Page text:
Sunday, 20 March 2011

Who is it for

Unified communications is very useful for knowledge workers, information workers, and service workers alike, many of whom may cross the lines between the three sectors on a daily or hourly basis, depending on the task and the client. With an increasingly mobile workforce, businesses are rarely centralized in one location. Unified communications facilitates this on-the-go, always-available style of communication. In addition, unified communications technology can be tailored to each person’s specific job or to a particular section of a company.[13]

    * Department of Defense (DoD) Unified Communications
      Unified Communications within the Department of Defense (DoD) requires passing strict security and reliability tests. The U.S. Joint Interoperability Test Command is responsible for this testing. These Unified Communications systems are tested to insure that they meet military-grade SIP or assured services SIP (ASSIP) requirements for establishing communication with resource priorities, ensuring system and network access and control, and providing precedence and pre-emption policies to assure connectivity for Command and Control (C2) users. These systems are part of the Department of Defense (DoD) Unified Capabilities Approved Products List (UCAPL).[14][15] New products such as the Nortel AS5300 have been designed specifically to meet these rigorous requirements and are being deployed in the DoD to provide military grade Unified Communications.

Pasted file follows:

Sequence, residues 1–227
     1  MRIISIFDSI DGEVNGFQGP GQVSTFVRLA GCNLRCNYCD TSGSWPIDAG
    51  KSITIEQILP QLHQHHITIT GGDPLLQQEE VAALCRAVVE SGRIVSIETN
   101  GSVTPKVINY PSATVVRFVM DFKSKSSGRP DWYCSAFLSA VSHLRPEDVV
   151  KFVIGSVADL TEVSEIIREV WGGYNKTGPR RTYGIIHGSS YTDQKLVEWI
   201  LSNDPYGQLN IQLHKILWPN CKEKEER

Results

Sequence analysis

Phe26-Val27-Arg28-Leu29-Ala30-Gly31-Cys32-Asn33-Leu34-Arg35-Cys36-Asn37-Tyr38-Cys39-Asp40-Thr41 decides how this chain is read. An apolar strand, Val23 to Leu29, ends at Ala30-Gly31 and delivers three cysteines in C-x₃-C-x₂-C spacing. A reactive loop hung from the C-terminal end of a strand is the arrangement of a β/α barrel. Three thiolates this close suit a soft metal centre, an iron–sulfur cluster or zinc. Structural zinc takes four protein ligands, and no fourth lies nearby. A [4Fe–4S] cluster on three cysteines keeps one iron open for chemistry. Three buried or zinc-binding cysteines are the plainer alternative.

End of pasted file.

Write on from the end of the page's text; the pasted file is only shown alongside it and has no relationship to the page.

No comments:

Post a Comment